Written by Karen Guo.
Childhood immunization – inducing immunity by applying a vaccine – almost guarantees protection from many major diseases. Childhood vaccination prevents 2 million deaths per year worldwide and is widely consideredto be overwhelmingly good by the scientific community. However, 2.5 million deaths a year continue to be caused by vaccine-preventable diseases, mainly in Africa and Asia among children less than 5 years old.
Demand-related factors, such as parents’ knowledge about vaccination and immunization and their attitudes towards them, are also likely to influence uptake. What remains unclear, however, is whether people’s attitudes are more strongly influenced by the perceived benefits of vaccination or by the perceived risks of not being vaccinated.
Education unmet needs:
Parents’ knowledge about vaccinations is poor, and the knowledge they do have is often wrong. It appears that there is no association between parents’ knowledge and vaccination coverage rates, and the public seems to accept vaccinationdespite limited knowledge about it. One thing is clear, however: when parents resist vaccination, it is because they want to protect their children from harm. In 2003, political and religious leaders in three Nigerian states boycotted a WHO polio vaccination campaign, claiming that the vaccine caused sterility and AIDS. Similarly, certain Hindu and Muslim groups in India have long held the belief that vaccination is a covert method of family planning, primarily targeting Muslims. The greater acceptance of vaccination found among Javanese migrants as opposed to Acehnese villagersin the same area has been attributed to the former’s more positive cultural attitudes towards health. Both groups were found to have an equally poor understanding of vaccination and health in general. Similarly, followers of the Aga Khan in Pakistan were found to be receptive to ‘biomedical’ or ‘western’ medicine and reasoning despite the fact that as a group they were largely illiterate and understood little about vaccination. Cultural receptivity to perceived modernity and education, as well as trust in health workers, were considered to be the most important factors influencing attitudes. In short, knowing little about vaccination does not necessarily translate into negative attitudes towards it; factors such as trust (e.g. in health-care providers or ‘western’ medicine) and culture may be more influential. The impact of high levels of knowledge on subsequent attitudes towards vaccination is unknown.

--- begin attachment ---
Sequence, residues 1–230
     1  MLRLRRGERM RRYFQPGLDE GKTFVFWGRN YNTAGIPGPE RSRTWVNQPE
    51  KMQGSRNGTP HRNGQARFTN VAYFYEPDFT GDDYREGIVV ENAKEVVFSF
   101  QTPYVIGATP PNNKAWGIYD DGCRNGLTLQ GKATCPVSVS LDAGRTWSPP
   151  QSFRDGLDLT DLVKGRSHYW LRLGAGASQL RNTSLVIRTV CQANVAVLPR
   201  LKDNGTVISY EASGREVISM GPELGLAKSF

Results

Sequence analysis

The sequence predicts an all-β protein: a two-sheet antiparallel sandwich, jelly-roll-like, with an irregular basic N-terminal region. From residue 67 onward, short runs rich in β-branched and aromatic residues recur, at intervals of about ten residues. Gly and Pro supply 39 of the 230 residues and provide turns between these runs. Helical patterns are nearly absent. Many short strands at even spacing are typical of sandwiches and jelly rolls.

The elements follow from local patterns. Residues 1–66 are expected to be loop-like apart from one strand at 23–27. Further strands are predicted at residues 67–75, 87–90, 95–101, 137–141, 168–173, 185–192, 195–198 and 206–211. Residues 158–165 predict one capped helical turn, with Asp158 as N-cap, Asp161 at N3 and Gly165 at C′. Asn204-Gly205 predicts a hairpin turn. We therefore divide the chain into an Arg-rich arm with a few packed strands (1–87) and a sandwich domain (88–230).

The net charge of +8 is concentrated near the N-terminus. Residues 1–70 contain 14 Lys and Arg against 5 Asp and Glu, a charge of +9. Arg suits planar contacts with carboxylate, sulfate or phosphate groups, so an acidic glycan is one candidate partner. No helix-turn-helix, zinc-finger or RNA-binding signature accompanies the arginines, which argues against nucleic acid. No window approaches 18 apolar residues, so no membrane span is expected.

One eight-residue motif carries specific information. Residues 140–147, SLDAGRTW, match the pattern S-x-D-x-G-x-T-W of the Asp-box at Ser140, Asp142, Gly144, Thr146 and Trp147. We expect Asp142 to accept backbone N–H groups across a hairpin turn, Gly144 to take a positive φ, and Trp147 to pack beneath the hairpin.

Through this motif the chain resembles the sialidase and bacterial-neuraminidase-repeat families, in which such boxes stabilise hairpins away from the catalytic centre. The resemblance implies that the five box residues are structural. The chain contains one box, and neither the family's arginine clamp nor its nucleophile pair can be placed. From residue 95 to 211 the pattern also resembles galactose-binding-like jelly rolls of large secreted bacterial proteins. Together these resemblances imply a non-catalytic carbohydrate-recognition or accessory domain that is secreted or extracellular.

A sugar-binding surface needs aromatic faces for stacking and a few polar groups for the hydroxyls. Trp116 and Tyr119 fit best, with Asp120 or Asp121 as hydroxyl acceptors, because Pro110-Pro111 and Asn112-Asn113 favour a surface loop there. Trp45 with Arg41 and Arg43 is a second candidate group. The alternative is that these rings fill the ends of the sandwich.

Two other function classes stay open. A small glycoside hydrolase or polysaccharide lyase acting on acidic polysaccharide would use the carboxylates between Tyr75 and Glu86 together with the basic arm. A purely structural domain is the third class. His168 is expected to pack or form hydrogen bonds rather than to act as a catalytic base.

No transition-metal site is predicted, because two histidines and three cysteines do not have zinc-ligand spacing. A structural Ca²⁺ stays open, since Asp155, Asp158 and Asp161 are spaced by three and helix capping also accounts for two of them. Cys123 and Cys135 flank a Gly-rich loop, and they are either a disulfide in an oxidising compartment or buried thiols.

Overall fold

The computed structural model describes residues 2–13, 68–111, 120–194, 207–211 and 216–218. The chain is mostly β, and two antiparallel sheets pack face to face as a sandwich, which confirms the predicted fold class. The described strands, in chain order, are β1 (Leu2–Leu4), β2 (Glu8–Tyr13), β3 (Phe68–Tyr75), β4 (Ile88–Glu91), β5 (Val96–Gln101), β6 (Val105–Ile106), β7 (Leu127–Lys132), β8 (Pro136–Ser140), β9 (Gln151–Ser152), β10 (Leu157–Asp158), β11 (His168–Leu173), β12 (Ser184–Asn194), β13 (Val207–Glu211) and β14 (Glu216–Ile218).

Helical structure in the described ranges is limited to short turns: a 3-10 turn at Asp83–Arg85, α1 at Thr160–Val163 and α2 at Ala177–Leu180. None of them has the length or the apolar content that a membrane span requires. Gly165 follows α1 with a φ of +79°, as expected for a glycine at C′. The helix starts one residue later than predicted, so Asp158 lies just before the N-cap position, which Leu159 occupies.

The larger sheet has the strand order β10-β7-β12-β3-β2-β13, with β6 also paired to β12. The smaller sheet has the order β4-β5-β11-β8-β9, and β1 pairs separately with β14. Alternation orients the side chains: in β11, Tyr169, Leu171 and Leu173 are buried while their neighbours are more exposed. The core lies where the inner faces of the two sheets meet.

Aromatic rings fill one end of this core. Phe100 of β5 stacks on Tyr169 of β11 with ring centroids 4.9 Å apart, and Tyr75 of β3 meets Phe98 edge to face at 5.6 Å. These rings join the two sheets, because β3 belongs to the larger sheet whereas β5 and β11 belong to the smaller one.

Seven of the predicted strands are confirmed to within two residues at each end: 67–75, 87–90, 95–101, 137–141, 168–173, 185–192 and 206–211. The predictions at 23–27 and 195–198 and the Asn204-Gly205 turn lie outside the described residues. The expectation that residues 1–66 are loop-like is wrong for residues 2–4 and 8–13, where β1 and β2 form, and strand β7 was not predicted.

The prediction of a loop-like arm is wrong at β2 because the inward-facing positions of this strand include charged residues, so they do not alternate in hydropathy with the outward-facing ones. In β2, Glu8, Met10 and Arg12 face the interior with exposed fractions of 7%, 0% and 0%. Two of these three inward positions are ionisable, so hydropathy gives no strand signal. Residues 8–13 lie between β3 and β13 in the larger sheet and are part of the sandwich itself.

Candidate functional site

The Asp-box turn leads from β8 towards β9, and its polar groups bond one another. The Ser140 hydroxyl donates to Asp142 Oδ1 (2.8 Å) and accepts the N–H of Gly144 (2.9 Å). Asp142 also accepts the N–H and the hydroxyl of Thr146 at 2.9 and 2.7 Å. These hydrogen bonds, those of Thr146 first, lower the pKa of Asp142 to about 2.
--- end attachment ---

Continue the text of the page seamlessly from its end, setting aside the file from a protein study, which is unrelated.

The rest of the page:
The fundamental question is whether or not resources should be invested in improving parents’ knowledge of and attitudes towards vaccination. Although the evidence is unclear, it is commonly believed that strengthening advocacy, communication and social mobilization will enhance informed and willing participation in vaccination programs and that vaccination strategies are likely to be more successful if they are based on an understandingof sociocultural behavior. Yet these approaches are not routinely incorporated into vaccination policy. Since factors influencing demand vary greatly by region and context, findings from one population cannot always be extrapolated to another. Thus, simple operational research into local knowledge and attitudes should become an essential part of every vaccination campaign. Current research into parents’ knowledge and attitudes towards childhood vaccination is disproportionately low considering the enormous scale and relevance of this issue. In order for such efforts to be successful, parents must be empowered to freely and clearly express their attitudes towards childhood vaccination.
Current vaccine education program in Africa: